Spring is in Bloom

By LaVonne (LaVonne) on March 18, 2011

The first official day of Spring is just around the corner. With that in mind I thought I would write a bit about the Vernal Equinox.



Vernal Equinox

The First Day of Spring

Say goodbye to winter and say hello to spring with temperatures slowly rising to greet the vernal equinox on Sunday March 20, 2011 at 7:21PM EDT or 11:21PM Universal Time - kicking off the first official day of spring.


For this year’s garden we have begun starting our seeds, plowing our planting beds, planning the layout of our garden, amending our soil where needed with nutrients and anxiously awaiting the warmer days of Spring that arrives with the first day of Spring.  This year 2011, here in the Northern Hemisphere the date falls on March 20 at 18:21.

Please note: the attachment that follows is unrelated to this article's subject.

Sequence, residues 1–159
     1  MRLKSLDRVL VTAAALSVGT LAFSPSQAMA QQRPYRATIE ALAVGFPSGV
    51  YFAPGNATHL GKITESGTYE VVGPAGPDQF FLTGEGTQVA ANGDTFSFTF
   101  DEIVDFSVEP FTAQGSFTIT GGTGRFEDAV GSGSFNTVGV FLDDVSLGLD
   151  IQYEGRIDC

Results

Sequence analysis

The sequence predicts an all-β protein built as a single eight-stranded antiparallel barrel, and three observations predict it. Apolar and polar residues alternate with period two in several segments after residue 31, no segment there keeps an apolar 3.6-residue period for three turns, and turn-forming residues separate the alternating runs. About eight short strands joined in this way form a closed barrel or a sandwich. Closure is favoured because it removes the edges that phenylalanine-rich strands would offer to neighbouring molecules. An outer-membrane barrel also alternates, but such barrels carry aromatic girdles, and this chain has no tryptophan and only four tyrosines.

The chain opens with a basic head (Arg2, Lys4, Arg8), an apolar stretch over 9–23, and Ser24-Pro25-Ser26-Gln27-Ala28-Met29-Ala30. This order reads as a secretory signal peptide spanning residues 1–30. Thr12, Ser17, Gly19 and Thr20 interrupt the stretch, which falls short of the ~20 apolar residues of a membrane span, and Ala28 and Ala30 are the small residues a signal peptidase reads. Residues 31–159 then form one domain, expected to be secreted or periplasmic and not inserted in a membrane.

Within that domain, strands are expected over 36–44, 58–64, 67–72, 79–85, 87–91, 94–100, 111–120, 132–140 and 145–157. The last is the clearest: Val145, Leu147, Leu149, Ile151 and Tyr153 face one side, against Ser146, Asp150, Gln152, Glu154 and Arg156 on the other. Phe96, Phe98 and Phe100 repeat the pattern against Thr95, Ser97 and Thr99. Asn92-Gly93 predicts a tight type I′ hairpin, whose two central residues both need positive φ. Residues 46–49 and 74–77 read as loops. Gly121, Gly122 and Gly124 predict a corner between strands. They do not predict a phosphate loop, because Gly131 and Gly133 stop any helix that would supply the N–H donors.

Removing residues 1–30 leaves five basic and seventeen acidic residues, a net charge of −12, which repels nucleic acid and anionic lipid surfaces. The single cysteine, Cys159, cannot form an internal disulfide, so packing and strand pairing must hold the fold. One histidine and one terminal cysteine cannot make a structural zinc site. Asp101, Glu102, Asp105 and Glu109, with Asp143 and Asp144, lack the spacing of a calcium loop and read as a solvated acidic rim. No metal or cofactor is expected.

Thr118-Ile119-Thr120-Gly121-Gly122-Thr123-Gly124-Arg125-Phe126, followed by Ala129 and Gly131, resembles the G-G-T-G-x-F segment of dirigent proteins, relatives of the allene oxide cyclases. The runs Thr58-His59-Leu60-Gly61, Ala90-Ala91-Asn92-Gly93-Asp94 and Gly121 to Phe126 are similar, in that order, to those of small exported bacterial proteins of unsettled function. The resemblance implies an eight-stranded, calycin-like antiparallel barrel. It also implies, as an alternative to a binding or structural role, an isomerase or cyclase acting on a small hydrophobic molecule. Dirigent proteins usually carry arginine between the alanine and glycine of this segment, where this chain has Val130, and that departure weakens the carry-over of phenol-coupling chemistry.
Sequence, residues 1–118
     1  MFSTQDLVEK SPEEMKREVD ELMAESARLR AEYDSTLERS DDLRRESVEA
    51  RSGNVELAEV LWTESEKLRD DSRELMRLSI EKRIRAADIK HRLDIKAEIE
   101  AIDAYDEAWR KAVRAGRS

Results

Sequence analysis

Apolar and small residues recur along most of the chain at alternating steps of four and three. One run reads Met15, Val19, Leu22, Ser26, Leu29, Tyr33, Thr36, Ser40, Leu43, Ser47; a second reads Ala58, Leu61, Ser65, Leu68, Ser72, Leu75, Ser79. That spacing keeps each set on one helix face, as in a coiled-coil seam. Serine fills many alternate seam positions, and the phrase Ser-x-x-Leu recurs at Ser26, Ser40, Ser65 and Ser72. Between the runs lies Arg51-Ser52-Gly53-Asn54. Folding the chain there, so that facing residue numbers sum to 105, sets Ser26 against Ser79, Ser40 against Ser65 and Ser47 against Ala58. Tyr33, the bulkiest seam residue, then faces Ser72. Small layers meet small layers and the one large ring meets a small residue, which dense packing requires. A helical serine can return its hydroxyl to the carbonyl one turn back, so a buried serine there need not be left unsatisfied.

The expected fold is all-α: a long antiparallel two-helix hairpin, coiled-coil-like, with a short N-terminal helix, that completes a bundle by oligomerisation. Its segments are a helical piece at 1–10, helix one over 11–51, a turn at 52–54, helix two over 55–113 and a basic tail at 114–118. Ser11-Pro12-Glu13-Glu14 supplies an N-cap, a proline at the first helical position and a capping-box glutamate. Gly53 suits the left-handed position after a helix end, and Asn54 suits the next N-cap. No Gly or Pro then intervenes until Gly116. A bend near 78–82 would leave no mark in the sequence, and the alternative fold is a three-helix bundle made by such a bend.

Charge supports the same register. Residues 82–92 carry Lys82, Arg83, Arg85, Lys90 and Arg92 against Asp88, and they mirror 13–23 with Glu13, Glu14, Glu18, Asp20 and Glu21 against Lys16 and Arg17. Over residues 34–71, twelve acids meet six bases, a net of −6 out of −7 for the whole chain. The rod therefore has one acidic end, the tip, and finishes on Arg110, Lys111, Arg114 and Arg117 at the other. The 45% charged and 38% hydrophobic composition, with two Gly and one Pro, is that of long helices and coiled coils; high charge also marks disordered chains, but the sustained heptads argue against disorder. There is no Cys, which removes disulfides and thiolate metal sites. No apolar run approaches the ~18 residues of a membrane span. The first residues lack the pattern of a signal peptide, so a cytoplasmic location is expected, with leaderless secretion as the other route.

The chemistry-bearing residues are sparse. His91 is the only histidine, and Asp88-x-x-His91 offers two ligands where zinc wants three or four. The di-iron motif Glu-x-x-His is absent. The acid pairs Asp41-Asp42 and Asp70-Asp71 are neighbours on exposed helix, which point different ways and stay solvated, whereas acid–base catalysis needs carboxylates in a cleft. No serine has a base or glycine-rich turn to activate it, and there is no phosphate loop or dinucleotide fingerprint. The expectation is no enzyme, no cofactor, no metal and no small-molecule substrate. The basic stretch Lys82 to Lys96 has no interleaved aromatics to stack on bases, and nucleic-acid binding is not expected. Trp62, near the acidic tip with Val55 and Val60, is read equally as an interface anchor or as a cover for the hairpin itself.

Down through the ages, many names have been attached to this day of celebration.  It is sometimes known as the Festival of the Trees, is better known as the feast of (the German fertility goddess) Eostara (Ostara or Astarte), and (the Babylonian goddess) Ishtar or "Easter."  It is also known as the Vernal Equinox, St. Patrick’s Day, Lady Day, Alban Eiler, and Feast of the Annunciation.

Ostara takes place on the Spring Equinox and is the second spring festival. It is a celebration of rebirth, renewal and fertility as the Mother Goddess has returned to her maiden status and reunites with the young God; together they plant the seeds of the coming year in her womb. Although this festival doesn't have a strong historical connection, it is traditionally the time the ground is prepared and the early, harder crops are planted. In modern times is a time when projects are organized and set into motion.